An Adventure in Android Reversing

When I was in middle school, I spent a ton of time playing video games. One of the many I played was a mobile MMORPG. It was wholly unexceptional, but delightful in the way that all MMORPGs are: you fight stuff, level up, buy some items, fight more stuff, and so on. For my 6.858 project, I'd like to take another look at this game, this time with my security hat on.

We'll start by pulling the APK in question from the Google Play store. APKs are just zip files, so we unzip it, and the results look promising!

Aside from a bunch of config files, we have classes.dex and classes2.dex, and the folders lib, assets, andres.

.dex (Dalvik Executable) files are compiled from .class files, which are in turn compiled from .java files, so these look like a likely home for the logic in this app. Running them through a series of decompilers, we get stuff like this.

Agh!! This Java code is all reflection on obfuscated strings, and is way too short to be the game itself. Somehow it must serve as a loader for the real application, but exactly how is anyone's guess. Hilariously, they've named all the classes with combinations of upper and lower case "I"s, just to make reversing that bit more difficult :).

Looking more carefully, we figure out that the obfuscated strings get passed to the k class, which does some classic deobfuscation (bit shifts, xors, etc) to compute the real string.

Looks like it'll be only a minor inconvenience to deal with this, until we discover that the algorithm is seeded with

StringBuffer(stackTraceElement.getClassName()).insert(0, stackTraceElement.getMethodName()).toString()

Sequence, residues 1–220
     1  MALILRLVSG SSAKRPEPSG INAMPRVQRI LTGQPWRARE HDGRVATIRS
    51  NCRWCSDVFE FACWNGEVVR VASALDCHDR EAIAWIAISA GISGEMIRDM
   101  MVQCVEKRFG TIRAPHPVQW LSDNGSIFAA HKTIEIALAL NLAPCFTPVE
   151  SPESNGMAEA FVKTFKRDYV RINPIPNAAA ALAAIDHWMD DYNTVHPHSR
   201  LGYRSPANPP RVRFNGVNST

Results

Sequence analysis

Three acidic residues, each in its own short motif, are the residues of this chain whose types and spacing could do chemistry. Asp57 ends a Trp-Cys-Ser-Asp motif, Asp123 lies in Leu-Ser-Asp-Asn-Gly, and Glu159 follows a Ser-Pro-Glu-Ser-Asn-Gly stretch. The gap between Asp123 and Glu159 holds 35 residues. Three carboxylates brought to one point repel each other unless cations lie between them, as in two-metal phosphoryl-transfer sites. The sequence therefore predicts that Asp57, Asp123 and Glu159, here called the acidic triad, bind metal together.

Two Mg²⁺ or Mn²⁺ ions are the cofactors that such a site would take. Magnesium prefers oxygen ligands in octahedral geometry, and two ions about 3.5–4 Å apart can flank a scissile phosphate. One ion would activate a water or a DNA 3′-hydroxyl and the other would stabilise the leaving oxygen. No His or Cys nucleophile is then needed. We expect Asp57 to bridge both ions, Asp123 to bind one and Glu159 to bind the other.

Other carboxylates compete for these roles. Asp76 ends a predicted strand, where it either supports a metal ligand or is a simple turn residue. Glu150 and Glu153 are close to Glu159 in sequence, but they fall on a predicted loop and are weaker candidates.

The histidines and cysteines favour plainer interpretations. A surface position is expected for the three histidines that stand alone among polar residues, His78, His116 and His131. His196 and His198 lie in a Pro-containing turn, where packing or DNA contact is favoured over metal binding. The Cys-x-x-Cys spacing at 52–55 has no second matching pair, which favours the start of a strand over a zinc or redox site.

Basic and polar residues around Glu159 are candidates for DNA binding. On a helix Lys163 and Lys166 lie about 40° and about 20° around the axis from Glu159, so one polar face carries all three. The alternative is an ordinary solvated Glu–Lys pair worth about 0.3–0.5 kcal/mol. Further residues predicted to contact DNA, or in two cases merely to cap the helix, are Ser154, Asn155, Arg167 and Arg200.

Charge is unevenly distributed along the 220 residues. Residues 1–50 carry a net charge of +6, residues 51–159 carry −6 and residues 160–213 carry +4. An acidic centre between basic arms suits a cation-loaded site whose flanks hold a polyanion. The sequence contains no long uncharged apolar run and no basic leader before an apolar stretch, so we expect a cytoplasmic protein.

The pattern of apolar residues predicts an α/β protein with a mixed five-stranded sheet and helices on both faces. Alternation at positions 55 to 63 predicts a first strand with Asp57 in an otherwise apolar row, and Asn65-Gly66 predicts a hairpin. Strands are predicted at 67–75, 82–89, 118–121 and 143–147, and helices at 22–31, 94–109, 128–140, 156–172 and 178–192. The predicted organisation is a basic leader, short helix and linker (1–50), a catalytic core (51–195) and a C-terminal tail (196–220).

I have no idea what this value will be at runtime. Since I'm not in the mood to manually patch a print statement into this Dalvik bytecode to determine this seed value and deobfuscate these strings, we'll admit defeat in the realm of static analysis and move onto dynamic techniques.

To do dynamic analysis, you need a rooted device. Although I tried with an Android emulator, this app specifically detects and blocks emulators, so we'll stick with physical devices. I've got out my trusty Note 4, and after no fewer than 10 hours of flashing ROMs and running sketchy bootloader exploits, I've got it unlocked and rooted. (If I'd known it was going to take that long, I would have just bought an old pre-rooted OnePlus.)

I'll be using Frida, which is relatively recent, and claims to be a "world class dynamic instrumentation framework." The basic setup is that you push a frida-server executable to your phone, and run it as root. Then you connect to the server from your computer and ask to run an app, and then immediately attach to that app and pause its execution. You write some JavaScript to do the stuff that you want, and that gets injected into the app. Then Frida resumes the app, and you get to see what your JavaScript does. Here's the launch script: